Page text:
WASHINGTON — A combination of herd liquidation and government activity appears to be drawing down milk supplies and supporting dairy product prices, with more price strength expected in the second half of 2009 and into 2010.
"(Milk) production is being reined in as the dairy herd size is contracting," the U.S. Department of Agriculture said in last week’s Livestock, Dairy and Poultry Outlook. "Reduction in herd size will lead to lower milk production both this year and next despite rising output per cow."
The U.S.D.A. estimated the U.S. dairy herd at 9.28 million head in April, down from 9.31 million a year earlier. The department forecast cow numbers would average 9.17 million head for 2009, down 1.5% from 2008, and drop another 2.5% in 2010, to average 8.94 million head. The June numbers for all of 2009 and 2010 were down 8,000 and 11,000 head, respectively, from the U.S.D.A.’s May forecasts. Herd reduction was attributed to a combination of high feed prices (although down from 2008) and lower milk prices, the result of weaker domestic and export demand for most dairy products.
"Commercial dairy cow slaughter will increase as a result of liquidation of the sector in response to poor returns," the U.S.D.A. said. Dairy cow slaughter in the first four months of 2009 was up about 11% from the same period a year ago, according to the latest U.S.D.A. Livestock Slaughter report. Although slaughter dipped below a year ago in April, it was up about 12% from a year ago during the week ended May 16.
Higher milk production per cow, as lower-producing cows are culled first, will only partially offset the smaller herd size. The U.S.D.A. forecast 2009 milk production at 187.5 billion lbs, down 1.3% from 190 billion lbs in 2008. Milk outturn was forecast at 186.4 billion lbs in 2010, down less than 1% from this year. June U.S.D.A. numbers for both years were down from May forecasts.
Meanwhile, milk and dairy product prices have been rising, although 2009 levels are expected to average well below those of 2008 for nearly all items. Prices reported by Food Business News show values for dry whey, 34% whey protein concentrate (W.P.C.), lactose and dry buttermilk have risen from 67% to 86% from January-February lows (October 2008 for W.P.C.), but remain about 30% to 40% below year-ago prices, except for dry whey, which is 1c a lb higher.
The U.S.D.A. 2009 average price forecasts in June for all classes of milk, as well as for dry whey, nonfat dry milk (N.D.M.) and butter were all raised from May, with cheese the only item forecast slightly lower. Projected average prices for 2010 also were raised from May projections, and all were above forecast levels for 2009. Still, prices for 2010 were below 2008 levels except for butter and dry whey.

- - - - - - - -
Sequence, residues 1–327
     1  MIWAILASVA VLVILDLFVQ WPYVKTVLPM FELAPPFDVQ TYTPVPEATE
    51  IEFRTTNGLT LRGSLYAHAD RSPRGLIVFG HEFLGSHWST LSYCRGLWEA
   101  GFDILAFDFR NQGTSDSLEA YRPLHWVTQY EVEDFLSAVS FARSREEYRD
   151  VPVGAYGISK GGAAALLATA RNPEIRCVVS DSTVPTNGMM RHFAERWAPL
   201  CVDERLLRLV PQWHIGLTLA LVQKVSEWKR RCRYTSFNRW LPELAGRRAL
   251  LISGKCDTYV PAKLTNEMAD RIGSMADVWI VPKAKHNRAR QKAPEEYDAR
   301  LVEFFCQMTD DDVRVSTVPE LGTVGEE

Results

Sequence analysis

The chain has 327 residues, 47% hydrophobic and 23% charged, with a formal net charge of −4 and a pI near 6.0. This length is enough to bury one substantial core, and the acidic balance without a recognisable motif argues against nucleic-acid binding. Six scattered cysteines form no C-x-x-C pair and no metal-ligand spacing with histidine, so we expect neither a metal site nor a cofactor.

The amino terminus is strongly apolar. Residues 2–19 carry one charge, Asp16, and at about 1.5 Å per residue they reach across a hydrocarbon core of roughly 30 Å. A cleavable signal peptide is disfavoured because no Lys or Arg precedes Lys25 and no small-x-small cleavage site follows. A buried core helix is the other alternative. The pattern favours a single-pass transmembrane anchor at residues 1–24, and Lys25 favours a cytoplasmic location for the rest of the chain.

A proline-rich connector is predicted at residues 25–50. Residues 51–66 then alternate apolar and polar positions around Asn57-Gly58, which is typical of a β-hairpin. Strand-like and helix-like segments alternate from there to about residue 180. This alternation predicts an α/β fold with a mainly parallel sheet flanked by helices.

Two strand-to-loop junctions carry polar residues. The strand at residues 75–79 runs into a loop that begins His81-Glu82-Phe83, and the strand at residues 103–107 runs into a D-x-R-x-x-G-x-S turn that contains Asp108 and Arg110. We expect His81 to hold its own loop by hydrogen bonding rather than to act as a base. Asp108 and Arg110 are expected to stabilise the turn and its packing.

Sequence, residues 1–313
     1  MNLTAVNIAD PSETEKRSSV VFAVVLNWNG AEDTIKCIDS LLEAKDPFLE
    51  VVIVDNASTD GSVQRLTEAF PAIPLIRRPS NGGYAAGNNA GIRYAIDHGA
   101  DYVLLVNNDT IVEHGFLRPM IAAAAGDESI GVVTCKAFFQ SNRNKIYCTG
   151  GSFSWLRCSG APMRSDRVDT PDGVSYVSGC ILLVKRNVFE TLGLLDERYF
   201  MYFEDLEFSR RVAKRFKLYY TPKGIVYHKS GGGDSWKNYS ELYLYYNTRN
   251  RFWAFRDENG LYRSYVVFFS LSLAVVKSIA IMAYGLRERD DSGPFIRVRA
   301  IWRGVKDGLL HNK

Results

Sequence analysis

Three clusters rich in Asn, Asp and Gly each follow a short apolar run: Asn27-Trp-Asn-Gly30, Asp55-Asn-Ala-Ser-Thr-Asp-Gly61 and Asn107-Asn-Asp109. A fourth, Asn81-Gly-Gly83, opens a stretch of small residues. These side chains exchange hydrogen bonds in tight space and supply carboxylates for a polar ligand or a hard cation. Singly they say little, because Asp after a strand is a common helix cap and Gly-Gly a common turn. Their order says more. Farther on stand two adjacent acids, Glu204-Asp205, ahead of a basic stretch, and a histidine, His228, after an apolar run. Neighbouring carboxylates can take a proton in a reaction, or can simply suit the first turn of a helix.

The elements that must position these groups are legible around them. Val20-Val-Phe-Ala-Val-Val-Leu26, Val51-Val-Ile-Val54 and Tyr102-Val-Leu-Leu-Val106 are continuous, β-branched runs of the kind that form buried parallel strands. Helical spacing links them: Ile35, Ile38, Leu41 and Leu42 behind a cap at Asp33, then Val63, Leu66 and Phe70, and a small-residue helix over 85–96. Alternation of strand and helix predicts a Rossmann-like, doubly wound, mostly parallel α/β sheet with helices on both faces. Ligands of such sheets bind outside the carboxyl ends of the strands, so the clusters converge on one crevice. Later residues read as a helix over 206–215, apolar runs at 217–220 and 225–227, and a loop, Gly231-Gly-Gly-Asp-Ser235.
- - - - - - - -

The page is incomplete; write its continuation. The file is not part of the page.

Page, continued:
Government price support and various programs have helped to reduce excess supplies of some products, which resulted from weak domestic and export demand.
The Commodity Credit Corp. of the U.S.D.A. has been "incentivizing" export sales of some dairy products under the Dairy Export Incentive Program (D.E.I.P.) the past couple of weeks. In addition to export bonuses for N.D.M., export bonuses of $100 per tonne are available for eight types of cheese, $450 per tonne for butter and $650 per tonne for anhydrous milkfat, butteroil and ghee.
So far the C.C.C. has awarded bonuses for 7,654 tonnes of N.D.M. averaging $119.59 per tonne, or about 5.4c a lb. A bonus of $100 a tonne also was awarded for 19 tonnes of mozzarella cheese.
The U.S.D.A. has been active in the dairy products market since late last year when N.D.M. prices dropped first to the C.C.C. support price of 80c a lb in the West region in October then below in November. Since Oct. 1, 2008, the C.C.C. has purchased nearly 260 million lbs of N.D.M., all in the West. N.D.M. has been flowing into C.C.C. stocks at an average of more than 5 million lbs a week since the buying began.
Sales to the C.C.C. have, as planned, worked as a floor for N.D.M. prices in the West, but they also appear to have limited upward price movement. Values for low- and medium-heat N.D.M. in the Central and East regions have risen from 80c a lb on the low end of the price range in mid-February to 89c in mid-June, while prices in the West rose only to 80c from 78c during that time. The price spread between the two regions historically has been only 2@3c a lb, and seldom more than 5c, compared with 8@9c currently. The spread had widened to 20c at one point last year before sales of product to the C.C.C. had begun.
About 4.6 million lbs of butter was sold to the C.C.C. earlier in the year, but as prices began rising in late February, there have been no additional sales.